When I returned, a young family had joined Lukus on the beach; a couple with three young children from the boat Dessert First. We ended up having a lovely visit; learning about each other’s story. That is one of the things I love most about meeting other “boaters”, hearing their stories. This couple had decided they wanted to live “outside the box”, and so they rented out their house, sold all their other belongings, bought a boat and moved the whole family onto it…all without ever really having sailed before (albiet they did take a few lessons first). They are from Texas but ended up buying a boat in Eastern Canada and hence, sailed from there down to the Bahamas. They have no real plans of where they are going or how long they will be gone, just setting out to see some of the world. Some think we are pretty adventurous and risk-taking, but relatively, what we are doing is just a baby step!

After our beach romp, we headed over to a popular meeting spot on Stocking Island, Chat n’ Chill, for a couple drinks and dinner. We enjoyed a couple of $13 margaritas (choke…Bahamas is not super cheap) and a great fish dinner. And then we got stuck in a hole…

While we were waiting for dinner, a little 6 year old girl (who, we found out later, was a daughter of the owner) decided she liked the looks of Lukus, and quickly befriended him (surprising, as he is looking a little “wild” these days – lol). She had quite the imagination and we spent the next hour+ trying to “escape” a hole someone had dug in the sand; it just wouldn’t let us out! With the sun setting, and our meal secure in our belly, we finally outsmarted the hole and had to say goodbye to our new friend to get back to the boat.

We both enjoy spending time with young souls and Lukus particularly misses his niece and nephew, Rachel and Jax. Since Lukus was never blessed with his own children, and mine is all “growed up”, we both cherish the times we get to spend with kids. This little girl certainly brightened up our afternoon, filling it with joy and laughter, and we have promised to go back and see her again.

Since Sunday, we have only ventured out twice (yesterday) for a short time, once to make a delivery and once for a little “happy hour” on the beach.

The first day of the “big blow”, a boat named Tandemeer came into the harbour – brave souls! They are with an organization called International Rescue Group (www.internationalrescuegroup.org) and are carrying a large load of equipment and relief supplies to orphanages and clinics in Ile-a-Vache, Haiti. This is optimally one place we felt very drawn to, and had hoped to get there on this trip to establish some relationships and get a better understanding of their needs. We would really like to somehow become involved in relief efforts there in the future.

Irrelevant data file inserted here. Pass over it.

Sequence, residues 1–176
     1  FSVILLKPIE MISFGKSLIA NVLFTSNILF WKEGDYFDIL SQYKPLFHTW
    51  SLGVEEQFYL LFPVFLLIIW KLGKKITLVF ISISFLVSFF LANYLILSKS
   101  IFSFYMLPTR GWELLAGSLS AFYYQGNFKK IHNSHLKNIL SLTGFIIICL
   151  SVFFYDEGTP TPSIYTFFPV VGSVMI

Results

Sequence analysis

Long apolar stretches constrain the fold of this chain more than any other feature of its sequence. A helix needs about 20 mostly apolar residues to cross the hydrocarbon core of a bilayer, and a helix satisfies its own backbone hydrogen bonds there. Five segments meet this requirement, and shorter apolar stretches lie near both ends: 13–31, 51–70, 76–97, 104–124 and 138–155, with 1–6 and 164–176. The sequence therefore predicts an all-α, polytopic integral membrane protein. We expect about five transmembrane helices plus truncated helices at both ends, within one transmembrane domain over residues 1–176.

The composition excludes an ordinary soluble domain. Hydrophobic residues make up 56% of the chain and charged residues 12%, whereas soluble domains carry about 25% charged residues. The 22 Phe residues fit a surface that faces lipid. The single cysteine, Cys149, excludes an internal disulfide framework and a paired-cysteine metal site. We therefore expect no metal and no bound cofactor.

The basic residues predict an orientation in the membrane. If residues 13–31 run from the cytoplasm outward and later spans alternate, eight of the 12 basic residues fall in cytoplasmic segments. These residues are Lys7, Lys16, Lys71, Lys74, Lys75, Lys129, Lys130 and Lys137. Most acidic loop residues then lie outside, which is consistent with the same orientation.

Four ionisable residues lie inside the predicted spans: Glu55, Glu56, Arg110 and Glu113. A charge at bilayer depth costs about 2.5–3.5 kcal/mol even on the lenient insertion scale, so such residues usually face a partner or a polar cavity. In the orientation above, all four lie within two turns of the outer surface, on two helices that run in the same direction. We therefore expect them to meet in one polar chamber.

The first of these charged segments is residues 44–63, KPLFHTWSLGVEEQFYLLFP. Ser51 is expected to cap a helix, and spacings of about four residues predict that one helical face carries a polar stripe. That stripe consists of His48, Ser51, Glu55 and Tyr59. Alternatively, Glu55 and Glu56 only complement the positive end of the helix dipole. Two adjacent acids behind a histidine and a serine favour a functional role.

Unfortunately, with this being our first voyage, we are still figuring out all this timing thing, especially with weather, and so we will probably not make it there this time. However, we had brought along a stock of donations from some of our friends in Canada that we had hoped to share with Haitians in need, and so we saw this as an chance to still do that. We contacted Tandemeer and they happily accepted the supplies (Cathy and Carolyn, thanks for your help with these supplies, they were greatly appreciated!). We also got some great information from them about opportunities to get involved in the future.

Our second outing took us back to Sand Dollar Beach where some of the boat community were having a little “happy hour” get together. We decided to put some clothes on and get out to finally meet some new people. Amazing how here, thousands of miles from home, there are still connections. We met one couple who are good friends with friends of ours who live down the channel from us in Port Dover! We also met another younger couple, Bonnie and Jim, who sold everything they own, bought a boat and are sailing ‘til the money runs out.

This little gathering also provided a bit more background on the area. Unbeknownst to us, George Town is sometimes referred to as the “chicken hole” – a place where a lot of people hole up to avoid the bigger water beyond. But truly, it is like a little oasis and we can see why many people sail directly here to spend the whole season. It is a beautiful place to settle in and enjoy the surrounding areas while basking in an involved boating/local community. The 8am broadcast on the radio announces the days’ events which include everything from the propane trucks’ arrival to beach volleyball, poker games, dinghy raft-ups, live music and happy hours, and the radio buzzes all day long with chatter between boats sharing advice, planning get togethers and helping each other out. Especially during the big blow, we were pleasantly surprised to hear people monitoring each other’s boats, offering help, and generally just keeping an eye out for each other; friend, stranger, or soon-to-be-friend.

Most of the rest of our time has been spent holed up on the boat working, reading, playing cards and watching movies…oh, and eating (good thing I have taken up trying to do a little bit of a work out each day). But even with a strong squall kicking up a tantrum as I finish this post, the water is still clear, the view still brilliantly scenic, and we are still in our underwear!! Life is good.

Abigail out.

P.S. I know this is a longer post again, but it’s with you in mind Tom!!


12th January 2017

Your blogs are NOT too long!
12th January 2017

Thanks Sheri!! Sometimes I know I can ramble.on, but so glad people seem to enjoy our blogs!!
12th January 2017

I am honoured
The cold weather you mention was here as well but more like -17 at night. The wind also blew here last night sounding like a freight train. Thanks for the honourable mention.
12th January 2017

We are honored
That we have such a devoted reader!! It encourages us a lot to keep up with blogging, to know we have an interested audience :)

Tot: 1.815s; Tpl: 0.05s; cc: 8; qc: 51; dbt: 0.0278s; 1; m:saturn w:www (; sld: 1; ; mem: 1.4mb